Security executives at the leading business, government and commercial organizations report some continuing fallout from terrorism threats that begun with the September 11th tragedy two years ago. A little more than one in ten say that their reporting structure within the organization has changed since the terrorism incidents with most of those reporting changes say their position now falls under a different department.

SECURITY magazine annually conducts an industry forecast study in which security executives rank their top concerns as well as technologies, systems and products purchased and planned to be purchased. While there continues to be a measurable sensitivity over terrorism threats, compared to last year, security executives rank terrorism lower.

The January 2003 Zalud Report covered some results of the study.

Almost half of security executives surveyed say that natural disasters and disaster recovery is the top safety concern this year. A second tier of safety concerns includes workman’s compensation elements, emergency communications and workplace violence.


1 Natural disasters/disaster recover

2 Workman’s compensation

3 Emergency communications

4 Workplace violence

5 Fires

6 State/federal OSHA regulations

7 Hazardous materials

The study has revealed that the two most important factors impacting budgets are economic conditions and the impact of September 11th. The former has been a drag on budgets with 26 percent or respondents saying they are spending less. Another 30 percent say they have a larger budget, thanks in part of the fallout from terrorism.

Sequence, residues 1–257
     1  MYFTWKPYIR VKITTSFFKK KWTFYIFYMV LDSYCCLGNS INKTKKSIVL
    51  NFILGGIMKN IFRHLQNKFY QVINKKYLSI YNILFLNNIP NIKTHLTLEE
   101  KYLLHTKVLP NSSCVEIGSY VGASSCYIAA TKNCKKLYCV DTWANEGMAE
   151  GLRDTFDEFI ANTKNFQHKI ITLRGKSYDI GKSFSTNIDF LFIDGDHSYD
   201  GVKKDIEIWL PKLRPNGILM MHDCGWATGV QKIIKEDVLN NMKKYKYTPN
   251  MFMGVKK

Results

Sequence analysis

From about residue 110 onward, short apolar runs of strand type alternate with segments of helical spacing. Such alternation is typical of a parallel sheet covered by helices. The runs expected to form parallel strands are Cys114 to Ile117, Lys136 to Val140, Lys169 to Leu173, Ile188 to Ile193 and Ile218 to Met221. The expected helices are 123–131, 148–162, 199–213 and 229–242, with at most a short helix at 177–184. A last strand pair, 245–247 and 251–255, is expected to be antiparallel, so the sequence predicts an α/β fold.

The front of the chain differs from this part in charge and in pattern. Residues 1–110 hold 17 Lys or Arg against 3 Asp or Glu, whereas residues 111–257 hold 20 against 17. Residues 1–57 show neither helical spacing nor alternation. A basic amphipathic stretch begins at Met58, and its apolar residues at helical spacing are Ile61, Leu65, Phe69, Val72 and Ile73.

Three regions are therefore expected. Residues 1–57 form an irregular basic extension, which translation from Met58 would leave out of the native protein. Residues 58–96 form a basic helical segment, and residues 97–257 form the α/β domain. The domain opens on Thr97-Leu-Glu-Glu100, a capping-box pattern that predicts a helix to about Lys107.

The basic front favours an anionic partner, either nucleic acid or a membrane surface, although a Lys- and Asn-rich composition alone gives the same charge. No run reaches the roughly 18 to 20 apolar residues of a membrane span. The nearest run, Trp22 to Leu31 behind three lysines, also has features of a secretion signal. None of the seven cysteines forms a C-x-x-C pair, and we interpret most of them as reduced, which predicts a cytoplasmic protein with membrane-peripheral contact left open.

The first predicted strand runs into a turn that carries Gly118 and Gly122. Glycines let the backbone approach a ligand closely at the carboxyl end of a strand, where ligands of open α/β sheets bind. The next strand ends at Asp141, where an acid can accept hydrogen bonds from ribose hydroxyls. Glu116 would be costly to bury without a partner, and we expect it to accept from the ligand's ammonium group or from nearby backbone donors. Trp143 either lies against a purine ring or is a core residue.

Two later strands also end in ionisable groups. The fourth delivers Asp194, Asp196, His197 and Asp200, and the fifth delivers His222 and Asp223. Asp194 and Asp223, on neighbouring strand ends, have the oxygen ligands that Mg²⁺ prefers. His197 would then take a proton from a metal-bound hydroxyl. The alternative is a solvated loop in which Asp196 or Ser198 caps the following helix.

More spending 30%

Less Spending 26%

No change 44%

How security executives spend their budget remains constant over the year. Personnel (overhead) remains the largest sector of the budget while replacement of equipment and new equipment have increased to 30 percent of budgeted dollars.


Personnel 31%

Services 19%

New Equipment 18%

Maintenance 18%

Replacement 12%

Other 2%

Getting back to the continuing impact of terrorism on security departments, 32 percent of executives say they have hired more in-house security personnel since the September 11th incidents. And four in ten say they have received more budget dollars than originally requested as a direct result of the heightened terror sensitivities.